That sacrifice was my hook, not who ends up on the throne. When the movie simplified the (frankly) convoluted conclusion of the book and made it historically accurate, I didn’t blink. But a Twitter friend wrote eloquently about why he was disappointed by the ending; his hook to the story was the idealism of a story where a commoner becomes a king filling the readers of the newly independent India with hope. Mani Ratnam’s hook was clearly the tragic and cinematic love story between Karikalan and Nandhini. The wild variations in what draws us to the story explain the criticisms.
My mother and I came out after a highly satisfying second viewing of Part 2 when an older gentleman started talking to us. ‘Why did the Pallavan turn against Cholas? Imagine if all the kingdoms had been united. We would have never let the Britishers in,’ he said. Our hooks are certainly different, my friend.
Another thing we are not primed for is the muted heroism of these movies. Aditha Karikalan, who has all the markers for a contemporary hero – crown prince, volatile temper, epic love story, thrives in a war and bloodshed – dies. Not for his land or family. Not for his love. He dies to repent for his sins.
But the titular character is not heroic in the contemporary sense. We see Arulmozhi Varman get knocked off a horse, saved by an old lady, and succumbed to a fever. And in the pre-interval scene, where we expect his heroism to shine, he doesn’t fight his way out of the tricky situation but trusts his people to protect him. Even in the final war sequence, he sends Vandhiyathevan to sue for peace first. After ending the war by killing the Rashtrakuta king, and honestly, after earning his heroism the hard way, Arulmozhi kneels on the ground with a bloodied sword in his hand. Unhappiness at having to do what he had to do is etched on his face (which is mirrored by Vandhiyathevan, another unconventional hero).
While the way the scenes and characters are adapted is wildly polarising, we can all agree that the feel of the book was perfectly captured. Kalki’s lush descriptions of rivers, lakes, and seas are turned into beautiful postcard-like frames. Every frame is a painting, every frame has a story. The real locations grounded the story while giving it an exotic feel. Vandhiyathevan, who I consider to be a part of the environment rather than a character, is a firecracker in every scene he’s in, enriching the world with his whimsical spirit. The makers of this world (the director, cinematographer, actors, art and costume departments, music director, lyricist) have given Ponniyin Selvan another dimension we can sink our teeth into and savour. This setting is at once human and otherworldly. This is a world one can get lost in.
Dialogues are <chef’s kiss>
Each understated but powerful dialogue written by Jeyamohan moves the plot, builds character, or does both.
- ‘ஒரு மனிதன் பலமுறை சாவதுண்டு, அன்று என் முதல் சாவு’ was a line for the ages. Also underlines Karikalan’s obsession with death. (Oru manidhan pala murai savadhundu, andru en mudhal saavu)
- ‘கண்டராதித்தரால் சுந்தர சோழருக்கு கடனாகக் கொடுக்கப்பட்டது இந்த சோழ நாட்டு மணிமுடி. மதுராந்தகன் வளர்ந்த பிறகு அதை அவர் திருப்பிக் கொடுத்திருக்கவேண்டும்’ was a succinct explanation of the politics of the movies. Sarath Kumar’s delivery of this line packed a punch. (Gandaraditharal Sundara Cholarukku kadanaga kodukkapattadhu indha Chola nattu manimudi. Madurandagan valarntha piragu adai avar tiruppi koduthirukka vendum)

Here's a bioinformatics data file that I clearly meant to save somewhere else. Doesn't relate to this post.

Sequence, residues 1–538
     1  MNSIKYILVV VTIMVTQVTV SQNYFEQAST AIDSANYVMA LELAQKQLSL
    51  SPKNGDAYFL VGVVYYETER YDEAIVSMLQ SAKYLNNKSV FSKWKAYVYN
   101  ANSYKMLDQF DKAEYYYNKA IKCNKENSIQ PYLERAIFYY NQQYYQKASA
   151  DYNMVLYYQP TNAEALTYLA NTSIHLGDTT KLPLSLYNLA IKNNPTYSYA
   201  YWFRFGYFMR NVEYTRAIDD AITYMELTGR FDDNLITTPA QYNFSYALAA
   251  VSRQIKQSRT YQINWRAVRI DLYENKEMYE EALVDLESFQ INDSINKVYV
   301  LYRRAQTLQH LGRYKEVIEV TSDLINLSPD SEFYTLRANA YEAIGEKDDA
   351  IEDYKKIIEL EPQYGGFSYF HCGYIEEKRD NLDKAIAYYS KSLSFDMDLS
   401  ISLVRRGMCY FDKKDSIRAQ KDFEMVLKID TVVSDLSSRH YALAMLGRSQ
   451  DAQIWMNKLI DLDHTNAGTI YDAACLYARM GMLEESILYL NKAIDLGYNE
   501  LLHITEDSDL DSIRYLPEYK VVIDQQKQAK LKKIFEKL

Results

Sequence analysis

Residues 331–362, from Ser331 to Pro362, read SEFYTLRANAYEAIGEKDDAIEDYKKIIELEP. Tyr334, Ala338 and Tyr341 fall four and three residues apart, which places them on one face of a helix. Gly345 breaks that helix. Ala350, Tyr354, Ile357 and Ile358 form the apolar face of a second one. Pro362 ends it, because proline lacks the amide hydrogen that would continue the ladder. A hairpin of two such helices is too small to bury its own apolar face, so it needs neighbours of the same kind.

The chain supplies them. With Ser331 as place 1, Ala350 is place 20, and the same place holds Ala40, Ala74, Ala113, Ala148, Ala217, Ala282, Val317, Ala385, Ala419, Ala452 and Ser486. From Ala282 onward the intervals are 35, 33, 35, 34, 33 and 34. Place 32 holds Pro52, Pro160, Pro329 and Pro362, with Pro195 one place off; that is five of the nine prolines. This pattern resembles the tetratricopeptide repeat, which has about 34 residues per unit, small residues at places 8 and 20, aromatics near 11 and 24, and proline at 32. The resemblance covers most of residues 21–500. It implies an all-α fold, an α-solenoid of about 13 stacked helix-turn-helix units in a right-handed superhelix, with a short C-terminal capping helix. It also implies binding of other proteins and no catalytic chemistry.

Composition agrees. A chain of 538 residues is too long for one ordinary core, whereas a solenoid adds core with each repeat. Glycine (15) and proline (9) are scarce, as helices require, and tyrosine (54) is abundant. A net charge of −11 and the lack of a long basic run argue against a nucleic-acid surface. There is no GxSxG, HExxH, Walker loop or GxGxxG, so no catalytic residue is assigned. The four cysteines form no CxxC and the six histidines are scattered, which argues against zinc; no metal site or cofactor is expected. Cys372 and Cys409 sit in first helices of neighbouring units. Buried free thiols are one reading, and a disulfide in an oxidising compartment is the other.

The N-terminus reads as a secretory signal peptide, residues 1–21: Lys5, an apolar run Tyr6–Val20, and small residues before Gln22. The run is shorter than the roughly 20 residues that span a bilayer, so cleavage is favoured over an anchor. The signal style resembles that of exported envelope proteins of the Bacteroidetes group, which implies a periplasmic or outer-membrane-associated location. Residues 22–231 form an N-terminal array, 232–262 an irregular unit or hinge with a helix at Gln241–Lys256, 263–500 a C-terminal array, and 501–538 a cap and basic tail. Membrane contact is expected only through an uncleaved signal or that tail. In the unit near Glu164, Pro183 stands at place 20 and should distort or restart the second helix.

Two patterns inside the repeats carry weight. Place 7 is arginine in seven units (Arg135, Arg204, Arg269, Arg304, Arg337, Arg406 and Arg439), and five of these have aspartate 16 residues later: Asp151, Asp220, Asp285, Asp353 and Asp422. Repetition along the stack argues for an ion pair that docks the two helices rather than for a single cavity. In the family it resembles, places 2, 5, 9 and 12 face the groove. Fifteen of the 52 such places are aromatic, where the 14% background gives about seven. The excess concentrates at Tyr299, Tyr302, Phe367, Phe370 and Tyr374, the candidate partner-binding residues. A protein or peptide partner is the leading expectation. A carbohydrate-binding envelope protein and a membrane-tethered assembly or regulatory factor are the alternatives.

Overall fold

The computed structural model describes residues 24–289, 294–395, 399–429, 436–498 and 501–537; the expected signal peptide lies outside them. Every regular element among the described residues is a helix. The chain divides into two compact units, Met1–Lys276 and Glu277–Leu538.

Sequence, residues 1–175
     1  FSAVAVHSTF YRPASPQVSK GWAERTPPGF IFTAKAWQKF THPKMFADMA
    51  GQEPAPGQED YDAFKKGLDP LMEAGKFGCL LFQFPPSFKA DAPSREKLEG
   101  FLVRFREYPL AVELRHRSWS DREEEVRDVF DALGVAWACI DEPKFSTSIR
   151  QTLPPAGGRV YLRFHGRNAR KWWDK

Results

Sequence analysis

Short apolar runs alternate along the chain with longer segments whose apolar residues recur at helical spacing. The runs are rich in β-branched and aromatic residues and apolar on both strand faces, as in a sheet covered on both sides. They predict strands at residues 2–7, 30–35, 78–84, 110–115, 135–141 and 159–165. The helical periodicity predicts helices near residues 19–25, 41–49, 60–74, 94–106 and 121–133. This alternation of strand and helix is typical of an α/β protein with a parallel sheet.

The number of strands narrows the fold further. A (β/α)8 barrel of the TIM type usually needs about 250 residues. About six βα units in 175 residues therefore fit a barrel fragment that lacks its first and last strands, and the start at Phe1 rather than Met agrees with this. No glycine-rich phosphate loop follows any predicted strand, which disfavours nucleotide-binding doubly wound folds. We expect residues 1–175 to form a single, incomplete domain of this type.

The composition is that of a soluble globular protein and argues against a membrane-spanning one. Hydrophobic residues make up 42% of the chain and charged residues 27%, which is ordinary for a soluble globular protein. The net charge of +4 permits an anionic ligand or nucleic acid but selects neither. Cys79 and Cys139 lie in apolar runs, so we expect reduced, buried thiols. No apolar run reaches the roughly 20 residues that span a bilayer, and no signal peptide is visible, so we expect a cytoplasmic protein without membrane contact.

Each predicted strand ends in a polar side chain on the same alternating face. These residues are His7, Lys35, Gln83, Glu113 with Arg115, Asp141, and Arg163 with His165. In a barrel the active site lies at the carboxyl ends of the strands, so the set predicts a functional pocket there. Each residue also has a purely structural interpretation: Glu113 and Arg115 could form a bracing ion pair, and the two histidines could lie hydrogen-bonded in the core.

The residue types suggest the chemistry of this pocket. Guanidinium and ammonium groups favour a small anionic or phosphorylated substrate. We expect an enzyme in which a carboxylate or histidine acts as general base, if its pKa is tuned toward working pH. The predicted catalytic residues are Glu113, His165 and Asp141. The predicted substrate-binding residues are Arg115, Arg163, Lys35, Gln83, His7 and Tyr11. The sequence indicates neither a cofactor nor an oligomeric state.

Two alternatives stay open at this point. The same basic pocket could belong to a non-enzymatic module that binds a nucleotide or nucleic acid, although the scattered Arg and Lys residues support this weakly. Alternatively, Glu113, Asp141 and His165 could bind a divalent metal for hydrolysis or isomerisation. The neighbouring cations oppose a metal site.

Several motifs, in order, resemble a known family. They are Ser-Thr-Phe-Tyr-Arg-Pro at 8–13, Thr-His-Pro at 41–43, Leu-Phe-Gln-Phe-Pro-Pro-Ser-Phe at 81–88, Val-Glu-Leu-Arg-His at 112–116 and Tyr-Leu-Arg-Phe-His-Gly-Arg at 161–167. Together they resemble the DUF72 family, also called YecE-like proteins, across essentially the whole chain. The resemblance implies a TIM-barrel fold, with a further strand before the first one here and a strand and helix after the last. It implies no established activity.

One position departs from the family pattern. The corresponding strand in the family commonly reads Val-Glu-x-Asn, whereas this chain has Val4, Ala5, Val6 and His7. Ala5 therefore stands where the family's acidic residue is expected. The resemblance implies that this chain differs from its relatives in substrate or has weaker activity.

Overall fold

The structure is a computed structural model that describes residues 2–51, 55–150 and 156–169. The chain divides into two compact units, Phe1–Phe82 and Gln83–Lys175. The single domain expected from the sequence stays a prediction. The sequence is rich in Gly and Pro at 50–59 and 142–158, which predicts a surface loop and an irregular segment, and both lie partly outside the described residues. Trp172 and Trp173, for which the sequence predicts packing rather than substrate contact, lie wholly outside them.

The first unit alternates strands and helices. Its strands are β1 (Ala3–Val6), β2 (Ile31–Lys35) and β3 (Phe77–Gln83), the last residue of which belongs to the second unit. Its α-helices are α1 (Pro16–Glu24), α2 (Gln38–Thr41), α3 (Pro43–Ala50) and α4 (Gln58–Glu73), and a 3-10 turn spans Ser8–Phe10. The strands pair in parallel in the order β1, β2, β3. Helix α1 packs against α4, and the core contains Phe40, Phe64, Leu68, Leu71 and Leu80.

- ‘கையும் காலும் வைத்து ஏதாவது செய்ய வேண்டாமா’ is a line so reminiscent of ‘I solemnly swear I am up to no good’. Goes to show Vandhiyathevan is Fred and George Weasley rolled into one. (Kaiyum kaalum vaithu edavadhu seiyya vendama)
- ‘அரசர் அறம் தாவரலாமா?’ Kundavai asks the king. ‘அறம் தவறியது நீங்கள், உங்களை நீங்கள் தான் மன்னிக்க வேண்டும்,’ Nandhini says to the crown prince. (Arasar aram tavaralama; Aram tavariyadhu neegal, ungalai neengal dan mannikka vendum)
- The line ‘ஆதித்த கரிகாலன் நூறு அருள்மொழிக்கு சமம்’ says more about Nandhini’s feelings towards Karikalan more than Arulmozhi’s abilities. (Aditha Karikalan nooru Arulmozhikku samam)
- ‘மக்களை நம்பாதவன் அவர்களை ஆழ முடியாது,’ says Arulmozhi, a king already without a crown. (Makkalai nambadavan avargalai azha mudiyadhu)
- ‘நான் செய்ய முடியாத எதையும் உன்னால் நிச்சயம் செய்ய முடியாது,’ Nandhini says to Ravidasan. To that I say, ‘Yaas, queen!’ (Naan seyya mudiyadha edhayum unnal nichayam seyya mudiyadhu)
- ‘அரசன் பேராசை படவேண்டும்’ is the three-word justification for why Madurandagan was crowned king. (Arasan peraasai padavendum) I never found the ending where Sendhan Amudhan, a commoner, was forced to become king convincing because while the concept of ‘power should be wielded by those who don’t seek it’ is great in literature, I want my real-world leaders to be able to fight for it and be prepared for the responsibilities that come with it.
- ‘தலை பத்திரம்,’ Alwarkadiyan, who is privy to the dangers of a royal’s life, tells Vandhiyathevan. An apt warning for someone who often finds his head on the chopping block. (Thalai badhiram)
- And, of course, a proposal that will live forever, ‘உயிர் உங்களுடையது தேவி’ (Uyir ungaludayadhu devi)
Enna solla vara
Is this a perfect adaptation? Definitely not. It has its flaws, but it has a soul too.
Am I saying book readers should be okay with adaptations they don’t like? No. I’m still fuming about the dumpster fire of an adaptation that is Harry Potter and the Goblet of Fire.
Is Mani Ratnam like AR Rahman too? Does his work need plenty of rewatching to be liked? Maybe. But no, I am not saying that you should spend money to watch the movie twice or more to enjoy it.
What are you trying to say, you might ask.
I like the movies. That is it. That is all I am trying to say.